Navi Mumbai with its wide clean roads and lush surroundings which earned it the third place in the Swachh Bharat Abhiyan list among 476 cities has another side to it.
Heaps of garbage and stinking overflowing drain, lack of proper public toilets in some pockets goes against the cleanliness image of the city.
The Union urban development ministry conducted a survey of cities taking into account a set of parameters to check their cleanliness and sanitation. Navi Mumbai is the only city from Maharashtra to figure in the top 10 list.
Even as the residents and civic officials are patting their backs over the clean-city tag, some are staring at the dirty picture.
Due to lack of public toilets, thousands of residents still defecate in the open — near railway stations, on the roads and pavements.
Heaps of garbage are seen lying in the open as they not picked up from several places, lending the area an ugly look. Drains are not cleaned properly, turning them into breeding grounds of mosquitoes. This is a common sight in pockets of Ghansoli, Kopar Khairane and Nerul, gaothan areas and the slums of Turbhe and Seawoods.
“NMMC vehicles come to our area every day but they do not pick up garbage from all the places. We have to inform the local ward office about the heaps of garbage. Complicating the problem further, stray animals scrounge around and scatter the garbage on roads,” said Karan Mhatre, 31, a resident of Ghansoli, sector 17.
Even residents of posh areas such as Vashi and Kopar Khairane are grappling with similar issues. “The lane opposite newly constructed Cidco Exhibition Centre that goes towards Kerala Bhavan, has turned into a dumping ground in the past six months, thanks to the civic authorities’ indifference. Beggars and labourers now defecate along the road making impossible to walk on it,” said Raju Sharma, 35, a Vashi resident.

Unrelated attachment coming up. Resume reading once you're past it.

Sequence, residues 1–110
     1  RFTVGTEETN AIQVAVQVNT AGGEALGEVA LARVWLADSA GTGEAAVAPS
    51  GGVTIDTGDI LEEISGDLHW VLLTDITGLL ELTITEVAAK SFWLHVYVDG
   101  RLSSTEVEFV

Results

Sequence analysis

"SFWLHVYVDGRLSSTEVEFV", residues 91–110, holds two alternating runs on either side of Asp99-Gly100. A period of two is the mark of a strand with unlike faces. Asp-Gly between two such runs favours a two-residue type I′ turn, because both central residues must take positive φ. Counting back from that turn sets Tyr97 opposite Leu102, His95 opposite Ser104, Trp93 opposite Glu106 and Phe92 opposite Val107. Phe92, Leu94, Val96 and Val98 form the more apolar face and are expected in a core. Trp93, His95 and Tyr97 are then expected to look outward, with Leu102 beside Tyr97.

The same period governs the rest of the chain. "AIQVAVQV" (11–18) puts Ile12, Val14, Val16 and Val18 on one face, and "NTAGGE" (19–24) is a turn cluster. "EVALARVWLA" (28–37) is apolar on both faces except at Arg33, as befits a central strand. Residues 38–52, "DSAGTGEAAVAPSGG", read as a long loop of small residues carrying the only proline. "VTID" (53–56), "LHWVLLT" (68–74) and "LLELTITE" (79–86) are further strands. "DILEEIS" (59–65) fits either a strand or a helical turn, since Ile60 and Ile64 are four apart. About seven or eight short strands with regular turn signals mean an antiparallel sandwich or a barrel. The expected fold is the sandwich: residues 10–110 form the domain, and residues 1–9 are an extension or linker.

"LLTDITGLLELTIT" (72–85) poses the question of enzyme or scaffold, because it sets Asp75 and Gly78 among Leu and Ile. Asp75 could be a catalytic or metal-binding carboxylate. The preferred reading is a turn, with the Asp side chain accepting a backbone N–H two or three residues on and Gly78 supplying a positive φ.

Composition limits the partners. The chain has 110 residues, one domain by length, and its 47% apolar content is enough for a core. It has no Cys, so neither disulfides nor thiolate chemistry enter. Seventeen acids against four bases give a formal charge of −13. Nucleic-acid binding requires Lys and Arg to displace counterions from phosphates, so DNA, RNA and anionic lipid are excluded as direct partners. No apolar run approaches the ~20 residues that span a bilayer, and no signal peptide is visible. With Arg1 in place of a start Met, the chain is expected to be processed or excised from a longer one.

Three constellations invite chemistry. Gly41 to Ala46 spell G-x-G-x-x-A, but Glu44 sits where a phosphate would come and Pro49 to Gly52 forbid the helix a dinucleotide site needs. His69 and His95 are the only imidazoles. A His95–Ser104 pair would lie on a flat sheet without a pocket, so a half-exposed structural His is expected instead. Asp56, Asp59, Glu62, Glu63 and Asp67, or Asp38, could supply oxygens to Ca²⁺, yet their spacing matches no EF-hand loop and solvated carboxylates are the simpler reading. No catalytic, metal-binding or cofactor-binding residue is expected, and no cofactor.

The garbage dumped in front of Raghuleela mall, opposite Vashi railway station, is another blot of the city. “NMMC fails to collect garbage from a prominent place like this which is frequented by hundreds of people every day,” Sharma added.
The biggest problem in Navi Mumbai in terms of sanitation is water and air pollution. Chemical wastes from the industrial units of MIDC areas are directly released into the big nullah that flow into the creeks. The polluted water is also affecting the mangroves and the marine life of the creeks, residents claim.
“The water of the nullahs in the city keeps changing colour. Depending on the chemicals released, the water becomes red, blue, yellow and black. At times, the stink is so horrible that that we have to close our doors and windows even during the day time,” said Saurav Patil, 37, a resident of Kopar Khairane.
Not being able to bear the stink, residents sold their flats and shifted.
“The Maharashtra Pollution Control Board (MPCB) and Maharashtra Industrial Development Corporation (MIDC) are responsible for releasing untreated chemical wastes into nullahs. Certain industries are doing it due to lack of supervision. We are aware of the matter and have requested both agencies to take action,” said SV Pattiwar, additional commissioner of NMMC.
The scenario is no different in Turbhe. “You cannot walk from Turbhe railway station to Pawane along the Thane-Belapur road as local residents and some labourers have been using the stretch to defecate for years. Situation is worse in the market areas. NMMC vehicles collect garbage from dustbins, but not from other places,” said Bhupal Singh, 28, a trader from Turbhe Store.
Residents from the gaothan areas said they always receive step-motherly treatment from the civic body. “The authorities are only concerned about the people along the Palm Beach Road or posh societies such as NRI Complex. No one seems to be concerned about the dirty roads, clogged and stinking drains in our areas. NMMC people do not come to repair the sewage lines in our area even after months of informing them,” said Devo Keot, 51, a resident of Vashi gaon.
Pattiwar, however, said they treat all citizens equally. “Gaothan areas lack civic amenities as the areas are not developed with proper planning. These areas are congested and hence putting sewage pipes has always been a problem. Residents also do not use dustbins and throw garbage on roads making it difficult to keep the area clean,” he said.
Pattiware said they have been distributing pamphlets, putting up banners, staging street plays and meeting to create awareness among residents of slum and gaothan areas. “Despite problems, you will find 100% house-to-house garbage collection in the city,” he added.